Odd output issue with lldb -s

I have a very simple lldb script:

thread select 1

disassemble --start-address $pc-24 --end-address $pc+24

When I run lldb with -o “process launch -s” and -s “dis.lldb”, I get odd output – the disassembly from “thread select 1” and from the disassemble command run together.

This is what I see with top-of-tree on Ubuntu 16:

bin/lldb /bin/ls -o “process launch -s” -s dis.lldb

(lldb) target create “/bin/ls”

Current executable set to ‘/bin/ls’ (x86_64).

(lldb) process launch -s

Process 32258 launched: ‘/bin/ls’ (x86_64)

(lldb) command source -s 0 ‘dis.lldb’

Executing commands in ‘/local/mnt/ted/tip/full/dis.lldb’.

(lldb) thread select 1

(lldb) disassemble --start-address $pc-24 --end-address $pc+24

  • thread #1, name = ‘ls’, stop reason = signal SIGSTOP

frame #0: 0x00007ffff7dd7c30 ld-2.23.so`_start


→ 0x7ffff7dd7c30 <+0>: movq %rsp, %rdi

0x7ffff7dd7c33 <+3>: callq 0x7ffff7dd89b0 ; _dl_start at rtld.c:353


0x7ffff7dd7c38 <+0>: movq %rax, %r12

0x7ffff7dd7c3b <+3>: movl 0x225037(%rip), %eax ; _dl_skip_args


0x7ffff7dd7c18 <+13>: xorl %eax, %eax

0x7ffff7dd7c1a <+15>: callq 0x7ffff7de88f0 ; _dl_dprintf at dl-misc.c:275

0x7ffff7dd7c1f <+20>: movl $0x7f, %edi

0x7ffff7dd7c24 <+25>: callq 0x7ffff7df24f0 ; __GI__exit at _exit.c:27

0x7ffff7dd7c29: nopl (%rax)


→ 0x7ffff7dd7c30 <+0>: movq %rsp, %rdi

0x7ffff7dd7c33 <+3>: callq 0x7ffff7dd89b0 ; _dl_start at rtld.c:353


0x7ffff7dd7c38 <+0>: movq %rax, %r12

0x7ffff7dd7c3b <+3>: movl 0x225037(%rip), %eax ; _dl_skip_args

0x7ffff7dd7c41 <+9>: popq %rdx

0x7ffff7dd7c42 <+10>: leaq (%rsp,%rax,8), %rsp

0x7ffff7dd7c46 <+14>: subl %eax, %edx


Note that the address goes from c3b to c18 right after ld-2.23.so`oom.

How can I separate the outputs of thread select and disassemble? If I stick in something like “register read pc” in between the thread select and the dis, I get the output from it before the output from the thread select and dis.

I would suggest using python here. You can make a new LLDB command in a python file and then "command script import /path/to/my/file.py". This python script would install a new command and you can then just run that command. Happy to help you get this script working off the mailing lists if you need help.

In the python you might be able to do something a bit smarter than trying to subtract 24 from the PC. This if very error prone because opcodes for x86 vary in size and this value might be in the middle of an opcode. It might be better to get the function for the current PC and get its instructions in python:

pc = frame.GetPCAddress()

a.out`main + 36 [inlined] squares(int, int) at main.cpp:17
a.out`main + 36 at main.cpp:17

function = pc.GetFunction()
if not function.IsValid():

... function = pc.GetSymbol()


SBFunction: id = 0x7fffffff00000122, name = main, type = main

Now "function" is either a lldb.SBFunction or lldb.SBSymbol. Both types have a "GetInstructions(...)" method which can be used to grab a lldb.SBInstructionList for all instructions in that function or symbol:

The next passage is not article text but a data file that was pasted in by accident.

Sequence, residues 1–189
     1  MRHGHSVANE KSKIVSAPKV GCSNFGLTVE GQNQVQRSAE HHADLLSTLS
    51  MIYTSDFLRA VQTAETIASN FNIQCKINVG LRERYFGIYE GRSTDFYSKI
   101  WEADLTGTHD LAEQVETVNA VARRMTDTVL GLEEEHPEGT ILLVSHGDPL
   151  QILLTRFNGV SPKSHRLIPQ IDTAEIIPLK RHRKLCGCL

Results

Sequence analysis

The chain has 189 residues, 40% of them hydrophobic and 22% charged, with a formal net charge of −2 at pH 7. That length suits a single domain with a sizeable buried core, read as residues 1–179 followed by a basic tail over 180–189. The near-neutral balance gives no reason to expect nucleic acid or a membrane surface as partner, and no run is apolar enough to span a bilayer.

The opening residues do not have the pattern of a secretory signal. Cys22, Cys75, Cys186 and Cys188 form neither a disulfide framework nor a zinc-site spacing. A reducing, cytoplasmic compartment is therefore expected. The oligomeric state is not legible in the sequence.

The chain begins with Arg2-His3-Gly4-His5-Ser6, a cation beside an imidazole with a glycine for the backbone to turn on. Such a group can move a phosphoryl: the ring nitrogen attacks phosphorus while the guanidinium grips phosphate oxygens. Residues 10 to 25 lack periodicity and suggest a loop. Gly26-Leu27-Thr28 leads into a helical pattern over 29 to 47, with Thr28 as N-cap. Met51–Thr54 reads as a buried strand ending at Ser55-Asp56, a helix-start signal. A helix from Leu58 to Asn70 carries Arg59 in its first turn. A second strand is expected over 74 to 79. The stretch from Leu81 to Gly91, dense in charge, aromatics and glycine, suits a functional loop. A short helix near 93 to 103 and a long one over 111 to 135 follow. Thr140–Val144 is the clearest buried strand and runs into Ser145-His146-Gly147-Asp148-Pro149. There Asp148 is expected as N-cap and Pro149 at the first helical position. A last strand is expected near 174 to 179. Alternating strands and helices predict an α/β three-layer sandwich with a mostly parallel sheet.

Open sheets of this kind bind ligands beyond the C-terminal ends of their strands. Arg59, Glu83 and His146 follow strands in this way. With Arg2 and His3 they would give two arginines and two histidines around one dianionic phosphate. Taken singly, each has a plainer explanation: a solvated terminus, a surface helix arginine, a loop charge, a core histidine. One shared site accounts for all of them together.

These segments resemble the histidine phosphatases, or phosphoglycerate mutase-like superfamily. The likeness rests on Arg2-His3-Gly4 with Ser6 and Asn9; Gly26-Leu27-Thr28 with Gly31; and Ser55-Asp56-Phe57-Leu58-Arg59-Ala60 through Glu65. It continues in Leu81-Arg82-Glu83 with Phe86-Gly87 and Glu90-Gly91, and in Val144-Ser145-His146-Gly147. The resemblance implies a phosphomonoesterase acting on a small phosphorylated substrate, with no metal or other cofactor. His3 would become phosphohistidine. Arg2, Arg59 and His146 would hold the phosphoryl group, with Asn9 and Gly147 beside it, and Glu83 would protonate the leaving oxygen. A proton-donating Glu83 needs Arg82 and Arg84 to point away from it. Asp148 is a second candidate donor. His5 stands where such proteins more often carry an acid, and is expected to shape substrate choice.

instructions = function.GetInstructions(target)
for instruction in instructions:

... print(instruction)
a.out[0x100000f10]: pushq %rbp
a.out[0x100000f11]: movq %rsp, %rbp
a.out[0x100000f14]: subq $0x30, %rsp
a.out[0x100000f18]: movl $0x0, -0x1c(%rbp)
a.out[0x100000f1f]: movl %edi, -0x20(%rbp)
a.out[0x100000f22]: movq %rsi, -0x28(%rbp)
a.out[0x100000f26]: movl $0xa, -0xc(%rbp)
a.out[0x100000f2d]: movl $0x14, -0x10(%rbp)
a.out[0x100000f34]: movl -0xc(%rbp), %eax
a.out[0x100000f37]: movl %eax, -0x8(%rbp)
a.out[0x100000f3a]: movl -0x8(%rbp), %eax
a.out[0x100000f3d]: imull -0x8(%rbp), %eax
a.out[0x100000f41]: movl %eax, -0x14(%rbp)
a.out[0x100000f44]: movl -0x10(%rbp), %eax
a.out[0x100000f47]: movl %eax, -0x4(%rbp)
a.out[0x100000f4a]: movl -0x4(%rbp), %eax
a.out[0x100000f4d]: imull -0x4(%rbp), %eax
a.out[0x100000f51]: movl %eax, -0x18(%rbp)
a.out[0x100000f54]: movl -0x18(%rbp), %eax
a.out[0x100000f57]: addl -0x14(%rbp), %eax
a.out[0x100000f5a]: movl %eax, -0x14(%rbp)
a.out[0x100000f5d]: movl -0x14(%rbp), %eax
a.out[0x100000f60]: movl %eax, -0x2c(%rbp)
a.out[0x100000f63]: movl -0x2c(%rbp), %esi
a.out[0x100000f66]: leaq 0x35(%rip), %rdi
a.out[0x100000f6d]: movb $0x0, %al
a.out[0x100000f6f]: callq 0x100000f82
a.out[0x100000f74]: xorl %ecx, %ecx
a.out[0x100000f76]: movl %eax, -0x30(%rbp)
a.out[0x100000f79]: movl %ecx, %eax
a.out[0x100000f7b]: addq $0x30, %rsp
a.out[0x100000f7f]: popq %rbp
a.out[0x100000f80]: retq

Each "instruction" is a "lldb.SBInstruction" that has a "GetAddress()" method which returns the lldb.SBAddress for that instruction. You can compare that to the PC value:

for instruction in instructions:

... if instruction.GetAddress() == pc:
... print(instruction)
a.out[0x100000f34]: movl -0xc(%rbp), %eax

So you can use this to find the index of the instruction that the PC is at within "instructions":

for (i, instruction) in enumerate(instructions):

... if instruction.GetAddress() == pc:
... print(instruction)
... break
a.out[0x100000f34]: movl -0xc(%rbp), %eax



Now you can backup as many instructions as you want and not fear that you will end up in the middle of an x86 instruction.